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Publication numberUS5382783 A
Publication typeGrant
Application numberUS 08/059,797
Publication dateJan 17, 1995
Filing dateMay 10, 1993
Priority dateMay 10, 1993
Fee statusLapsed
Also published asCA2162579A1, CN1123060A, DE69404836D1, DE69404836T2, EP0698251A1, EP0698251B1, WO1994027245A1
Publication number059797, 08059797, US 5382783 A, US 5382783A, US-A-5382783, US5382783 A, US5382783A
InventorsEdward C. Bremer
Original AssigneePsc Inc.
Export CitationBiBTeX, EndNote, RefMan
External Links: USPTO, USPTO Assignment, Espacenet
False bar code inhibitor circuit
US 5382783 A
Abstract
A false bar code inhibitor circuit includes a detector, a signal restore circuit, a comparator, a software controller, and a high impedance clamp circuit. Basically, the detector circuit detects the first transition from either high to low reflectivity or low to high reflectivity. The transition triggers the signal restore circuit which is set for a time constant which is longer than the longest possible time needed to encounter another transition during a valid bar code read. Each time a transition is encountered, the signal restore circuit is triggered. The externally adjustable comparator circuit compares the output from the signal restore circuit against a limit, which can be adjusted by the software controller. The output of the comparator drives a clamp which controls when the bar code digitizer can pass an output. With the software controller, the output of the comparator can be controlled allowing for control over the digitizer output. With the false bar code inhibitor a false bar generated at the start of a bar code scan can be masked. The inhibitor circuit also creates a "window" which is used to mask out valid bar code from a signal. Additionally, the inhibitor circuit allows for external control for adjusting threshold levels and for external control over the bar code digitizer output.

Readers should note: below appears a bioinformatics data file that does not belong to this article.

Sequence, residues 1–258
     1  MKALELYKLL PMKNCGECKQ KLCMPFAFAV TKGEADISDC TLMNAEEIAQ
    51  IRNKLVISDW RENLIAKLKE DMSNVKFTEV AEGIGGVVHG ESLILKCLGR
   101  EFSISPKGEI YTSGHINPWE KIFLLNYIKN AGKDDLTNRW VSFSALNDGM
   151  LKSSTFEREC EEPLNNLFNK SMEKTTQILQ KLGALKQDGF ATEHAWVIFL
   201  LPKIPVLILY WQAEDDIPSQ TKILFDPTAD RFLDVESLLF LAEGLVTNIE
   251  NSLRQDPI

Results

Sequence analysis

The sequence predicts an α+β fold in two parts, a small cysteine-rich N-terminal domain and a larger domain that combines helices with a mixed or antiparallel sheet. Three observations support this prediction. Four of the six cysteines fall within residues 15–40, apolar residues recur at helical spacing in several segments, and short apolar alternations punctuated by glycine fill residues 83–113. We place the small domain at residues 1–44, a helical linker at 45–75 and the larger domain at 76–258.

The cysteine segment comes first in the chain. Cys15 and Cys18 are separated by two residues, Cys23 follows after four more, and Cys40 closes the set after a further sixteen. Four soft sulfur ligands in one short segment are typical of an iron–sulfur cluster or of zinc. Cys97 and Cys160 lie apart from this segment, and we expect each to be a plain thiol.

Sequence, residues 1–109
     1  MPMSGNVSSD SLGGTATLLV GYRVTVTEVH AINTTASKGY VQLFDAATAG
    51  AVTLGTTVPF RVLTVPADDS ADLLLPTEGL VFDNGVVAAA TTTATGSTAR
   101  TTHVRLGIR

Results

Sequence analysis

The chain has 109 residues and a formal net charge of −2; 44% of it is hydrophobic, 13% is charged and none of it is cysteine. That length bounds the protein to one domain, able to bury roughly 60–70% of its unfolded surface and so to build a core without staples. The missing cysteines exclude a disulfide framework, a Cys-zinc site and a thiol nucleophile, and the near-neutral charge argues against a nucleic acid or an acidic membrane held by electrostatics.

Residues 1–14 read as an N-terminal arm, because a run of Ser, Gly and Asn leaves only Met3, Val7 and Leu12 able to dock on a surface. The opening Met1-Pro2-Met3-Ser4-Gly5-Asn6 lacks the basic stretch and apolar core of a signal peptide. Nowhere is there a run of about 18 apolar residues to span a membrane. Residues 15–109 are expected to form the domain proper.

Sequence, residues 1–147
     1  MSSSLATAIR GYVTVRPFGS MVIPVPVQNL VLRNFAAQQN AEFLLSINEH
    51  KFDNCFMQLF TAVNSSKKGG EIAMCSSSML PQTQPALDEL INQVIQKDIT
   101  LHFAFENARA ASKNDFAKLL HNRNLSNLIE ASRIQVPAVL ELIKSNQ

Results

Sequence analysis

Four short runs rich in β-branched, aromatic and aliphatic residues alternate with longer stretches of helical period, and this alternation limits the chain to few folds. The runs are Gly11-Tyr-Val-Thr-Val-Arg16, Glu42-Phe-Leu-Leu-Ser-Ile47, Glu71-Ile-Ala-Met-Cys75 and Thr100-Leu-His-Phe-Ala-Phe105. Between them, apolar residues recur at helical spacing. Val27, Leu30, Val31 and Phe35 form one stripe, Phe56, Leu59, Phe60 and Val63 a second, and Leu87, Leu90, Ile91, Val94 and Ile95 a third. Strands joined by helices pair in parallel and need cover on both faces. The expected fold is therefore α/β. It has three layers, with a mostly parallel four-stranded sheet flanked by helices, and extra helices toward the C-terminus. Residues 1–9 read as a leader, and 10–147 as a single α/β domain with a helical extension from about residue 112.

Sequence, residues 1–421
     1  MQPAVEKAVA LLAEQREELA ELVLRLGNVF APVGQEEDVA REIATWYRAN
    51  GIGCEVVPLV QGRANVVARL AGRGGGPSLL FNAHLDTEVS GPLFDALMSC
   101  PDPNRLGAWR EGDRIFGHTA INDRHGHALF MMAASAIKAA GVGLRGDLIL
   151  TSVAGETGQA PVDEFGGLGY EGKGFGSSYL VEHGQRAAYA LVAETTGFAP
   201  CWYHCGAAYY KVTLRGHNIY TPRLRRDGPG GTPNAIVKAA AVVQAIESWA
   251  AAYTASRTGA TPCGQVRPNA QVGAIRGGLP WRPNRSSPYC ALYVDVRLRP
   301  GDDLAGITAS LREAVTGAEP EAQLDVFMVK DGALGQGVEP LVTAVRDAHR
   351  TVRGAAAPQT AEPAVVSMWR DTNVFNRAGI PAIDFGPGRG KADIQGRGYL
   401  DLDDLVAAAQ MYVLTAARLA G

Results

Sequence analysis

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Claims(9)
What is claimed is:
1. A false bar code inhibitor circuit for a bar code reader, the bar code reader generating an electric signal in response to light detected by the reader which is returned from a bar code, the bar code reader having a digitizer for generating a first derivative signal of the electrical signal, said inhibitor circuit comprising;
a detector for outputting a detection signal having either a first or a second detection state, said detector set to output the detection signal having the first detection state when a transition from either a low to a high or high to low state in the first derivative signal is detected;
a signal restorer including a capacitor set to output a restorer signal by when said capacitor is charged to a preset level, said signal restorer triggered to discharge the capacitor from the preset level each time the detection signal is in the first detection state and to recharge the restorer signal to the preset level within a predetermined time after the detector is set to output the detection signal in the second detection state;
a comparator for comparing the restorer signal against a limit and providing a comparator signal having a first comparator state when the restorer signal is below said limit and having a second comparator state when the restorer signal is above said limit;
an adjuster for adjusting the value of said limit; and
a clamp for inhibiting the digitizer from outputting the electric signal when the comparator signal is in the first comparator state.
2. The inhibitor circuit as recited in claim 1 wherein said detector comprises an operational amplifier and a diode, said noninverting input coupled to receive the first derivative signal, said output of said operational amplifier coupled to the cathode of said diode, and the anode of said diode coupled to said inverting input of said operational amplifier.